If you haven’t met one already, you’ll find that Filipinos are an interesting group of people, to say the least. Although it’s obvious that each nation has its own unique set of values, the ‘Pinoys’, as how we like to call ourselves, are distinct amongst most South-East Asians you will meet out there.
For starters, we’re predominantly Christian, don’t use chopsticks and are far crazier about Basketball than with any other sport in the world. We value relationships with our families more than anything, exerting a great deal of effort to keep those we love, tightly knit to our lives. This explains the presence of large communities of Filipino migrants almost anywhere in the world. The dire circumstances back home leave a huge percentage of our population struggling in poverty which urges most to leave to the country to search for greener pastures.
I’m always positive that wherever in the world I visit, I can always count on meeting a ‘kababayan’ (countrymen) over there; ever smiling and keeping a positive attitude while hard at work.
Two keywords: Adaptation and Integration
Are there Filipinos in Japan? Oh, you bet! In fact, we’re the third largest group of foreigners in the country, at over 250,000 and counting by the end of 2017.
While a good number of Filipinos migrate to Japan (or any other country for that matter) to search for a way out of poverty while holding on to hopes for a better life taking on blue-collared jobs that range from house-keeping to construction, work in Japan for Filipinos actually vary greatly— men are mostly engineers and information technology professionals while women work in food-related factories or as assistant language teachers, domestic helpers and caregivers. A good amount of highly competent individuals still make the cut considering Japans’ famously high standards; getting good contracts as knowledge or skilled workers.
But it’s not just about work and high wages. For one thing, the working culture in Japan definitely is one of the first things that would shock a newbie Filipino (or any foreign nationality for that matter) coming into the country to work since we all know how it is here. Japanese bosses typically expect nothing but loyalty and devotion to the company from all their employees even if that means staying at the office for long hours and devoting a portion of your personal time to help build the business.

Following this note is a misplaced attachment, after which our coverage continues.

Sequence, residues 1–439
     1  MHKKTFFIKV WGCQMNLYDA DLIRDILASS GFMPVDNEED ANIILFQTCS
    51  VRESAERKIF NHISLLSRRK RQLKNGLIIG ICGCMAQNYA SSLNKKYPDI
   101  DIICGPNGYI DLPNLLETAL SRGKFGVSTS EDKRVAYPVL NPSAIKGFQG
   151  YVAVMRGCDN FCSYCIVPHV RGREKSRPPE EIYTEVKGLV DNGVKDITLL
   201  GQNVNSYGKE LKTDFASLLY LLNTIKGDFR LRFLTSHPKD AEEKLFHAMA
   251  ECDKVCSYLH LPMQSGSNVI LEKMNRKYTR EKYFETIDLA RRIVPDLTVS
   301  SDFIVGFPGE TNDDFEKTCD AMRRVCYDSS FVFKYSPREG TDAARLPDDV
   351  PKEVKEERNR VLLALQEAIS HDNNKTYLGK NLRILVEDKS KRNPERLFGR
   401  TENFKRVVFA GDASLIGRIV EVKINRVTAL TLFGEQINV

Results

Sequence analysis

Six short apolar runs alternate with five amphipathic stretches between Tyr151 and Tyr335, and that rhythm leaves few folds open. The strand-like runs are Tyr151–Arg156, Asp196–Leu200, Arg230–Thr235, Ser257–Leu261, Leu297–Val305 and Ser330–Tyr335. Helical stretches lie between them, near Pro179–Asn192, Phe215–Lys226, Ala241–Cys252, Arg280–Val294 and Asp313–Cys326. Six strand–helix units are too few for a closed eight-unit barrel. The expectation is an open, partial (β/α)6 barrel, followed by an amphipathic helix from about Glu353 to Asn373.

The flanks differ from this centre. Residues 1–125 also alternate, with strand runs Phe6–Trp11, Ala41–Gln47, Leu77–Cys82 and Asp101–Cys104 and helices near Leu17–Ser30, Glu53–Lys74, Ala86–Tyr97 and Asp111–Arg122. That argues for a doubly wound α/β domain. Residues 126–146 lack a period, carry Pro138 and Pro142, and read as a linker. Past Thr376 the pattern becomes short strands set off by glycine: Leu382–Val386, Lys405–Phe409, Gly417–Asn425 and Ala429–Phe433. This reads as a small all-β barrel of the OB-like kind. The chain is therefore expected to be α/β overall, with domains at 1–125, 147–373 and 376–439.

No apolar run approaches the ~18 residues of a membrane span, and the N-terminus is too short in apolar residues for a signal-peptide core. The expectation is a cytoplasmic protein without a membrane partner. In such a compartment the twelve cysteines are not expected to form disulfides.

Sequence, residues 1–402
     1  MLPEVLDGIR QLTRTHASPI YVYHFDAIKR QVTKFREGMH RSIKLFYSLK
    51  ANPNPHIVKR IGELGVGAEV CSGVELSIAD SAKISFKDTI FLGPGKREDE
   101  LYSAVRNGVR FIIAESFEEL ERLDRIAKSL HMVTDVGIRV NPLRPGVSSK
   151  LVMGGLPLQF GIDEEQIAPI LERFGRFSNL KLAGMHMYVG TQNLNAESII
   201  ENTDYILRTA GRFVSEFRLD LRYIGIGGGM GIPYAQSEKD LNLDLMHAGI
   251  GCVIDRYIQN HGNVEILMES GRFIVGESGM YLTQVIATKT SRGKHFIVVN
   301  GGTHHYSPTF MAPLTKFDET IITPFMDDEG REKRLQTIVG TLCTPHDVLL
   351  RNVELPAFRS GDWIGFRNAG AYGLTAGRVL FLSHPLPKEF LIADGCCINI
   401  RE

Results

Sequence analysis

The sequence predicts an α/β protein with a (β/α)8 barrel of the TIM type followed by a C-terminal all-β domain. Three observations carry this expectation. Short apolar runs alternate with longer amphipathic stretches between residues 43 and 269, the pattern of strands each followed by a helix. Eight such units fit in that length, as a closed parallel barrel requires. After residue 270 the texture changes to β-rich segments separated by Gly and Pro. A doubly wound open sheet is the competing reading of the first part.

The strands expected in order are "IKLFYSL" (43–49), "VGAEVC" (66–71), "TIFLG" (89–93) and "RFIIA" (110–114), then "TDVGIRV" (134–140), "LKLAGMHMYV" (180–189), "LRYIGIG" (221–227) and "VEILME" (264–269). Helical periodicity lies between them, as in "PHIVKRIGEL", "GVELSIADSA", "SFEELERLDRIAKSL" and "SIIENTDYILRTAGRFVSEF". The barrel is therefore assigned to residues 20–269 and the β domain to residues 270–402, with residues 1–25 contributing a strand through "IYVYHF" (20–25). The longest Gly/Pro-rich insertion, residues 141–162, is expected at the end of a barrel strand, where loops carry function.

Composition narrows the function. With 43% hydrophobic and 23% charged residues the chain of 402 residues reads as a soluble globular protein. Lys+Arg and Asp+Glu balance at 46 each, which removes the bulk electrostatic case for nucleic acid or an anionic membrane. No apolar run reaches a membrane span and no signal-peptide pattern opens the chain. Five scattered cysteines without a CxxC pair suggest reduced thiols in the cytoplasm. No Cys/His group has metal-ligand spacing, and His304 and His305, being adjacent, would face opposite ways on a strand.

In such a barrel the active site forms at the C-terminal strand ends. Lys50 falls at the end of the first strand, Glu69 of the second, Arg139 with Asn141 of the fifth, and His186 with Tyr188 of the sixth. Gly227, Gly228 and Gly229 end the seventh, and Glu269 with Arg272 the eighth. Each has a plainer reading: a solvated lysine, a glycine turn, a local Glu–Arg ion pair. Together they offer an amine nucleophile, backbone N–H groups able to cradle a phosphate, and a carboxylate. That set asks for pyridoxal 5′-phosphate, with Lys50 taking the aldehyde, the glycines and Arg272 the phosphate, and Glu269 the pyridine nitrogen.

Staying in the country solely for the work would make it a real struggle. That said, Filipinos are here for the long haul and the numbers are ever increasing despite tight immigration rules that negatively favor our country’s weak passport. The truth is, Filipinos love Japan and enjoy the low crime rate, the technologically advanced public infrastructure that make daily things like commuting so much easier and hassle-free, among many others. Japan is a 4-hour plane ride from home and fares are significantly cheaper compared to when travelling to countries located further West like The United States.
A willing to build life in Japan
Aichi Prefecture has the highest number of Filipino migrants of any other prefecture in the country at 34,514 Filipinos, with Tokyo coming in second at 31,940, according to Justice Ministry statistics last June 2017.
Unlike the Brazilians however, the third largest group of foreign residents, Filipinos tend to scatter and pretty much every single prefecture in Japan has a good number of Philippine residents living in them. 50% of these residents have permanent resident visas — much higher than the 29.9 percent mark for foreign nationals as a whole. Of the total population of Filipinos, women account for 71.9 percent and men 28.1 percent as of 2017.
According to the minister and consul general of the Philippine Embassy in Tokyo, Filipino women in their 30s through 50s are mostly permanent residents, with a number of them having entered Japan on entertainer visas in the 1980s and settling here after marrying Japanese men.
Much like anything else in the world, Filipinos are not without adversity while trying to live in Japan. I’ve touched upon the ever-controversial topic of overworking employees in Japan but there is something that caught my attention— widespread broken Filipino-Japanese families. I’ve met a good number of Filipinos back home with distinct Japanese features and sporting Japanese last names, two of which are close friends of mine. These two among many others suffer from being left by Japanese fathers at a very young age with the child and the mother left to fend for themselves.
When I went to read more about the topic, it alarmed me how this problem was actually widespread, with heartbroken Filipino women ending up coming back home with fatherless children due to misunderstanding and internal family conflict between these interracial couples.
An interest for Japan which will last
In spite of it all though, the love and genuine interest for Japan don’t seem to diminish amongst the Filipino community within the country or even outside the country. I for one can attest that Filipinos are not prone to hold grudges considering the two countries’ past which is something I’m really proud about.
We’re here to stay and it’s always my hope and prayer that we too greatly contribute to the betterment of this country as a whole. Our adaptability isn’t to doubted. Although things like average rent cost of 15,00 JPY – 35,000 JPY back home to somewhere from 75,000 JPY – 100,000 JPY per month in Tokyo, our ability to be flexible and take on a new culture entirely and make it somewhat our own, makes me believe that we Filipinos are quite special. Filipinos value ‘respect’ much like in Japan which for me serves as that ultimate bridge that connects ours to Japanese culture.